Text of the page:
#5 On rhetoric


You got me. I did have a draft letter composed a couple of days ago… anyway, missed the deadline. In the words of Alex, the Beethoven-loving rapist from Clockwork Orange, appy-polly loggies my droog.

Anyway, I’m now convinced by your argument, in conjunction with mine, that one should do work that feels vital rather that popular, etc. I also share your suspicion for pipedream attempts at rigour. You seemed to be be saying something that style is often more important, especially once you’re in terrain that’s nowhere near the precision of say maths or physics. Copy that. But this made me think of the importance of rhetoric (your word, but one I’ve been thinking about a lot lately).

I’ve been going down this dubious road because I feel like I have some small capacity at arguing: using words in certain ways to get a point across. And yet we normally think of rhetoric as bullshit, spin, able to be directed to any end, devoid of facts, or even honesty. Rhetoric is redolent of opinion pieces in newspapers, literally the biggest waste of time there is, something I’ve tried to cut out of my life with my staunch no news policy.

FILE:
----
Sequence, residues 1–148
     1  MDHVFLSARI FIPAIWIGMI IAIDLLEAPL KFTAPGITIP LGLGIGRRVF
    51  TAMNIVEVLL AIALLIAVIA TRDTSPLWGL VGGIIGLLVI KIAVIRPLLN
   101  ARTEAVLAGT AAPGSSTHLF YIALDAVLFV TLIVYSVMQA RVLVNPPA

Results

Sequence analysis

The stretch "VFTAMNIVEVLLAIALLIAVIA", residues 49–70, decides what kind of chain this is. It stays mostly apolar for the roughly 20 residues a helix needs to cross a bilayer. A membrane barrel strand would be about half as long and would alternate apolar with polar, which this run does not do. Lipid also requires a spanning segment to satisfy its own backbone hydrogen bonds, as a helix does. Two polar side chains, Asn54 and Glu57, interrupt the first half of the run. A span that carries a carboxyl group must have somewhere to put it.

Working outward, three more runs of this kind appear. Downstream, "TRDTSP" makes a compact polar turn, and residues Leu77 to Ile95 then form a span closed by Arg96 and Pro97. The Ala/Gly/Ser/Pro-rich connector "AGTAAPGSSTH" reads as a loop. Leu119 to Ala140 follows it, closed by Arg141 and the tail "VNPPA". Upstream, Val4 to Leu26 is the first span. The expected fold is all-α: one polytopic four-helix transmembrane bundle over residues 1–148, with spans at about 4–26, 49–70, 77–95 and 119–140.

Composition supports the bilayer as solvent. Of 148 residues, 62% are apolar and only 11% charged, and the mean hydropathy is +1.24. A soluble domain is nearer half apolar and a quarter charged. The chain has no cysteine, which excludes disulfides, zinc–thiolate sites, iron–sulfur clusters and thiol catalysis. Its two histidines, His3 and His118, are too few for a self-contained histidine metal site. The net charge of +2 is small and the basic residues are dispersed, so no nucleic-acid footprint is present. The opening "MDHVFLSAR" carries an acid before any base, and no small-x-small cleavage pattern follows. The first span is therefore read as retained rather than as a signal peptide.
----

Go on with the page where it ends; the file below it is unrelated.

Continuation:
But what pulls me back in to this foetid, depraved world, is the amount of rhetoric I see directed against science, against atheism, against climate action, against free expression, blah blah — topics I care about or know something about. So I’m no better than anyone sounding off on a comment thread because I end up composing (albeit just in my head) counter-arguments to fundamentalists, conservatives, conspiracy theorists, religious apologists, relativists, etc. And I often feel like I have a good rhetorical strategy to beat them, on top of, one hopes, some basic commitment to reality. Often I have some ironic or satirical method in mind, but frequently I come up with serious techniques too…

Case in point: I’ve been casually reading religious apologetics over the last year, trying to get the best arguments in favour of traditional religions. So far everything I’ve read from serious theologians or popular preachers has been weak as piss (it’s a bit stronger from secular apologists). So I feel as though, if needed, I could fairly eviscerate someone on this topic. And defeat them in an argument too. Maybe it’s a case of using one’s powers for good rather than evil… but that sounds very quixotic.

Indeed I’ve previously criticised climate change campaigners and science communicators for failing to adopt the dark arts of PR, marketing and spin routinely employed by energy companies, creationists, anti-vaxxers, etc.

But is this the kind of rhetoric you say you prefer to rigour?